With “Bush derangement syndrome” having infected large swaths of the Left, it is no surprise that their fever dreams feature the prosecution of Bush Administration heavies for their “crimes against humanity” and the U.S. Constitution.
This weekend, the otherwise unremarkable Massachusetts School of Law at Andover will host a conference to that end. “This is not intended to be a mere discussion of violations of law that have occurred,” says dean Lawrence Velvel, but “a planning conference at which plans will be laid and necessary organizational structures set up, to pursue the guilty as long as necessary and, if need be, to the ends of the Earth.”
Even the Obama campaign has latched onto the idea, and that support has been a major sop for the hard-left disenchanted since the campaign began its pivot to the center for the general election.
Those planning up in Andover this weekend have a clear vision in mind. “For Bush, Richard Cheney, Donald Rumsfeld, and John Yoo to spend years in jail or go to the gallows for their crimes would be a powerful lesson to future American leaders,” says Velvel.
No doubt. But in today’s Wall Street Journal, Alan Derschowitz—no fan of the Bush Administration—considers what that lesson would be:
The real question is whether investigating one’s political opponents poses too great a risk of criminalizing policy differences — especially when these differences are highly emotional and contentious, as they are with regard to Iraq, terrorism and the like. The fear of being criminally prosecuted by one’s political adversaries has a chilling effect on creative policy making and implementation.
The heart of the problem is that the criminal law touches too much. As Dershowitz explains, “A politically appointed prosecutor, imbued with partisan zeal, could find technical violations of the criminal law in some of the envelope-pushing policies of virtually every administration.” He aptly quotes Stalin’s enforcer Lavrentiy Beria: “Show me the man and I’ll find you the crime.”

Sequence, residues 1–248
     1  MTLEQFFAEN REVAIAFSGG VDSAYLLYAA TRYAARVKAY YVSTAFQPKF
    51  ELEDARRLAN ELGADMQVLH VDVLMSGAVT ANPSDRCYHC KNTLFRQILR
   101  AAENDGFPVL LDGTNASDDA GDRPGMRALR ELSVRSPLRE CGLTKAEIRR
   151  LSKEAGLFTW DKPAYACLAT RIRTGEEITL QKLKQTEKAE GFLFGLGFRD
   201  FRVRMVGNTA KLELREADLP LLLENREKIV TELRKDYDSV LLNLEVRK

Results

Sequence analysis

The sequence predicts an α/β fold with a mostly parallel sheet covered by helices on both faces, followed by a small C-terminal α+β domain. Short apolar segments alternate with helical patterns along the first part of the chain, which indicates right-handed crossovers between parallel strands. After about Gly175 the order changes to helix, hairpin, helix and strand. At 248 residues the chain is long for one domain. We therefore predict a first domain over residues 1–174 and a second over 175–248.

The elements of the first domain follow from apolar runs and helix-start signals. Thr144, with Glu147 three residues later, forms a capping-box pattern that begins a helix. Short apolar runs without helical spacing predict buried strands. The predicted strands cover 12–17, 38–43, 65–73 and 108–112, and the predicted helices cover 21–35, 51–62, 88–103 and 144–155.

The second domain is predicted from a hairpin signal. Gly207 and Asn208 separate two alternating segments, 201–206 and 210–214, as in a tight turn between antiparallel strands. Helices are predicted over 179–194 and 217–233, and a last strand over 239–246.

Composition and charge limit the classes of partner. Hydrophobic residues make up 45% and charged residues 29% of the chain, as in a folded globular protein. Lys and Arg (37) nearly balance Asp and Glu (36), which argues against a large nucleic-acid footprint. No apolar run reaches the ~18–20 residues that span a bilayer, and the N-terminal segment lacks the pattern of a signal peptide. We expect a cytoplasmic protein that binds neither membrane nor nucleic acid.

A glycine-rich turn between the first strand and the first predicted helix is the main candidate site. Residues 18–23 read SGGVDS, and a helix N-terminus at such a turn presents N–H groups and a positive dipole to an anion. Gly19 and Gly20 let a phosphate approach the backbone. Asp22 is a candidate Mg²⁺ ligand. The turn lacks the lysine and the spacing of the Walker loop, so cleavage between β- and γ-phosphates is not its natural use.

For those who do not inhabit the fever swamps, it should be obvious that prosecuting on the basis of policy difference–circumventing the impeachment mechanism put into the Constitution for just this purpose–would cripple the operation of government. And not just Iraq or other things one party or the other may dislike, but everything–guns, butter, and all.
Dershowitz suggests that prosecutions be limited to cases where “the criminal act and mens rea [guilty mind] are so apparent to everyone that no reasonable person would suspect partisanship.”
That’s good advice, but probably not enough at a time when the criminal law reaches so much ordinary conduct and increasingly lacks mens rea requirements. With around 4,500 possible federal offenses on the books, according to a recent study by Prof. John Baker, any prosecutor worth his salt could find something to charge. Really, the only thing to keep an Obama or McCain Administration from prosecuting is its own discretion–a weighing of the costs and benefits–and the fear that its officials might suffer the same fate someday.
The real lesson in this is not that we are all equal before the law (the common refrain among the hard-left as they daydream of sentencing Bush for his tax cuts) but that, under the criminal law today, a prosecutor can find a charge that would stick against anybody. It’s not just government officials making tough choices with life or death consequences who are at risk–we all are.